With lustre glaze, inscribed EAR PIECE/91.37.5.
Dimensions 15in x 25in (38cm x 63.5cm)
Robert Arneson, the father of the Funk Ceramics movement came by this much-deserved title through a likely turn of events, former cartoonist turned conventional potter, Arneson had met Peter Voulkos in 1958 or so and had been aware of the unusual pottery philosophies at Otis. Perhaps unconsciously motivated, he manifest a more radical approach to throwing in 1961, when at a public demonstration of wheel throwing, he created a bottle-form vessel, complete with clay cap which he labeled NO RETURN, signifying both the slogan of the object and his own future as an artist. After moving to Davis, California in 1962, to teach design at the College of Architecture, he established a ceramics department, and in 1963, produced his first controversial work: Funk John. Participating in a state sculpture exhibition in Oakland, he created the sculpture of a fur-seated ceramic toilet complete with fecal handle and bowl contents. Irrevent, Dadaesque in the manner of Duchamps, and sure to shock the establishment, it succeeded and was removed from the exhibition. It is said that nothing succeeds like controversy, so a series of related sculptures ensued. The new path of anti-stablishment sculpture was a winding one with some works celebrating the everyday object in clay, some more fantastic, but all celebrating the idea that the artist is free to use the clay as he chooses, from a utilitarian-orientation or not. THe 1960's, 70's and 80's social movements of Antiwar, Antinuclear and Antiviolence were all commented on through the medium of clay.
In the 1970's portraiture became his new interest. A more tradition fine art genre one could not find, but in Arneson's deft hand, new ideas were infused into the Art of the Bust. His favorite subject became himself, in all guises, flattering or otherwise, his wry commentary always apparent. The above work, Ear Piece was from the last years of Arneson's life. The double face portrait of a man licking his own ear. His work is in the following collections: The Art Institute of Chicago, Illinois Australian National Gallery, Canberra Berkeley Art Museum, University of California, Berkeley The Cleveland Museum of Art, Ohio Denver Art Museum, Colorado Hirshhorn Museum and Sculpture Garden, Washington, DC The Jewish Museum, New York, New York Los Angeles County Museum of Art, California The Metropolitan Museum of Art, New York, New York Museum of Contemporary Art, Chicago, Illinois Museum of Fine Arts, Boston, Massachusetts Museum of Modern Art, Shiga, Japan The Museum of Modern Art, New York, New York National Museum of American Art, Washington, DC National Museum of Modern Art, Kyoto, Japan The Oakland Museum, California Philadelphia Museum of Art, Pennsylvania Phoenix Art Museum, Arizona San Francisco Museum of Modern Art, California Santa Barbara Museum of Art, California Seattle Art Museum, Washington The St. Louis Art Museum, Missouri Stedelijk Museum, Amsterdam, The Netherlands Wadsworth Atheneum, Hartford, Connecticut Whitney Museum of American Art, New York, New York Exhibition: Self Reflections, San Francisco Museum of Modern Art, CA. February 14th - May 13th 1997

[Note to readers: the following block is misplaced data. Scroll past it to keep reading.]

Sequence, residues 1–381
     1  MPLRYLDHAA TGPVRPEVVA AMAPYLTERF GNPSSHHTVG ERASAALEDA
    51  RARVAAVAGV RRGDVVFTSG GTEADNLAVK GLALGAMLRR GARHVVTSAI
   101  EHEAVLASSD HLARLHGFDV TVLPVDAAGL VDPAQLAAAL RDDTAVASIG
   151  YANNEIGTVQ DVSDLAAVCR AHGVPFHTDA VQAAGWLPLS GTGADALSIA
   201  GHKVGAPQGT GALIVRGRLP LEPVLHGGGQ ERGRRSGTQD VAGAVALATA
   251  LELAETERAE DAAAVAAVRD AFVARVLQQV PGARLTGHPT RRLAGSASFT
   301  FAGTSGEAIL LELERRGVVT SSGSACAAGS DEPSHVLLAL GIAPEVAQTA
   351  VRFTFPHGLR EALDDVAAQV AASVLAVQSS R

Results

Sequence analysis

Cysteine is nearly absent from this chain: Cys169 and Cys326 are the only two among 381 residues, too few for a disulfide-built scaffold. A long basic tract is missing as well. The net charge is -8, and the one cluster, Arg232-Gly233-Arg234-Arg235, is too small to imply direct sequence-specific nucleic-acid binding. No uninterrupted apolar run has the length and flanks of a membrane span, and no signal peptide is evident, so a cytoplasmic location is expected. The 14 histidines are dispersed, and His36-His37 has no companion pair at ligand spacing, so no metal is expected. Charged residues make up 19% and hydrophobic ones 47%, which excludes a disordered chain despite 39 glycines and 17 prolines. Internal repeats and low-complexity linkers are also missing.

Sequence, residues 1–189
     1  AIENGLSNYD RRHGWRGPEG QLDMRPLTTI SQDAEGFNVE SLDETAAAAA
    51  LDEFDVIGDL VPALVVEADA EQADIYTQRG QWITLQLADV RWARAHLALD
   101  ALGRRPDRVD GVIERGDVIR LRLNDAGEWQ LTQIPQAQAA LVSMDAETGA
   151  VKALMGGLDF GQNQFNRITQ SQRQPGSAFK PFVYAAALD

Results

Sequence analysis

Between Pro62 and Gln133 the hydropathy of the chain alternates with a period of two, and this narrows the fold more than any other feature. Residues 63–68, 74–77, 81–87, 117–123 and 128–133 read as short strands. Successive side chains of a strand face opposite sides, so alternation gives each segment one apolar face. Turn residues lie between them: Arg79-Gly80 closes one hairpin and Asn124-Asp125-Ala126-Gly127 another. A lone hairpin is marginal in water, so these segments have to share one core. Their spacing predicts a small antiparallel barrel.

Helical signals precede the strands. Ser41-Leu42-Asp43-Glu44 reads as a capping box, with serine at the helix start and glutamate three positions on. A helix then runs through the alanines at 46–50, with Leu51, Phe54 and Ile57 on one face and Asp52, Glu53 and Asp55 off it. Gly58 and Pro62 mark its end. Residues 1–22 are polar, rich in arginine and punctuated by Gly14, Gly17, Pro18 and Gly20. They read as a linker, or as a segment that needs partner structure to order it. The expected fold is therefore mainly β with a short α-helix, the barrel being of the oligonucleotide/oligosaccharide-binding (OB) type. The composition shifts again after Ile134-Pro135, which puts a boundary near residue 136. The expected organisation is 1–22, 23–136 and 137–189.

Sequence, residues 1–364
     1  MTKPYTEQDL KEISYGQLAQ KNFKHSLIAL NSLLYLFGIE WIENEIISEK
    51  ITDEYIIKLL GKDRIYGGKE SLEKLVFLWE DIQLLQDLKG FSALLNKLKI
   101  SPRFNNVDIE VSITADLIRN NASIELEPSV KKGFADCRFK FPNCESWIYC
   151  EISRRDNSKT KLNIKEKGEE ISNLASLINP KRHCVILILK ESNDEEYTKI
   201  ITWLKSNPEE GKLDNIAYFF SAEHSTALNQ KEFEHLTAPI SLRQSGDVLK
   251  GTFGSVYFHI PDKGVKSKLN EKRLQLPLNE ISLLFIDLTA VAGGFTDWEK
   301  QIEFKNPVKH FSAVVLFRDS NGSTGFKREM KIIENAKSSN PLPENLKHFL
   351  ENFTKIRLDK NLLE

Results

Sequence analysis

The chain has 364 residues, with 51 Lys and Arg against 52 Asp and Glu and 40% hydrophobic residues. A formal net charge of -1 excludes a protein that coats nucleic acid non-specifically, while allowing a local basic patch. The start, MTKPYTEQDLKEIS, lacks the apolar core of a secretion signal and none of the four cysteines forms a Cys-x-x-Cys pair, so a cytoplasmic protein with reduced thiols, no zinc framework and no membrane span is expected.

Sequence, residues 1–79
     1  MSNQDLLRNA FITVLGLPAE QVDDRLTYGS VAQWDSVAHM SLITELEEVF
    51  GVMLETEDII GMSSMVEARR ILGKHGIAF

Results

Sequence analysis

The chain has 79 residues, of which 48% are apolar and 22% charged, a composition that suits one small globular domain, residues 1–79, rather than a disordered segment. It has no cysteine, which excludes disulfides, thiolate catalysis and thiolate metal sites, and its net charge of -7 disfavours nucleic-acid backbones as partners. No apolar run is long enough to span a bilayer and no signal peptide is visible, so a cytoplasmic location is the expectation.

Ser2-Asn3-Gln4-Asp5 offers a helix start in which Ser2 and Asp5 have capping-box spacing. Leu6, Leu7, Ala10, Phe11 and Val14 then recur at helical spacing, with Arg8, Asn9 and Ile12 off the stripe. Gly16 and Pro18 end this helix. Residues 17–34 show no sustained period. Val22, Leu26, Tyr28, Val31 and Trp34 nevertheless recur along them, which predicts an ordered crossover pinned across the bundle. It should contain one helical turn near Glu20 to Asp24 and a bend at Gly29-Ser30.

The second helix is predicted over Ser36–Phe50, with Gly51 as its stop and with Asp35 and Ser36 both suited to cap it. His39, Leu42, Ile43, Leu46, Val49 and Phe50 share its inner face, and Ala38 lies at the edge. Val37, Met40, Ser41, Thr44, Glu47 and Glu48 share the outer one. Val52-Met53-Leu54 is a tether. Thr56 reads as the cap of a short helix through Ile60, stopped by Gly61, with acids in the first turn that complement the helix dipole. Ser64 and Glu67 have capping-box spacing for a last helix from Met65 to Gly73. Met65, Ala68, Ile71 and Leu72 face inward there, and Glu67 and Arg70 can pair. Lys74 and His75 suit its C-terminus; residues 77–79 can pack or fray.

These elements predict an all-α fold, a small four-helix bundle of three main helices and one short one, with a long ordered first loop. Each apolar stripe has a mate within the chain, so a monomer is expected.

Catalogue ISBN 0-918-471-39-7, Ear Piece is shown on p.53, plate 27.
Provenance: Dorothy Goldeen Gallery, Los Angeles, California, 1992
Cf.Literature: Jo Lauria, Color and Fire: defining Moments in Studio Ceramics 1950-2000, exhibition catalogue Los Angeles County Museum of Art, June 4-September 17, 2000, p. 166-169, for examples and discussion of Arneson's contribution. Clay Today, Martha Drexler Lynn, Contemporary Ceramists and their work, exhibition catalogue, Los Angered County Museum of Art, 1990, pp.35-37 for a discussion of Arneson's career.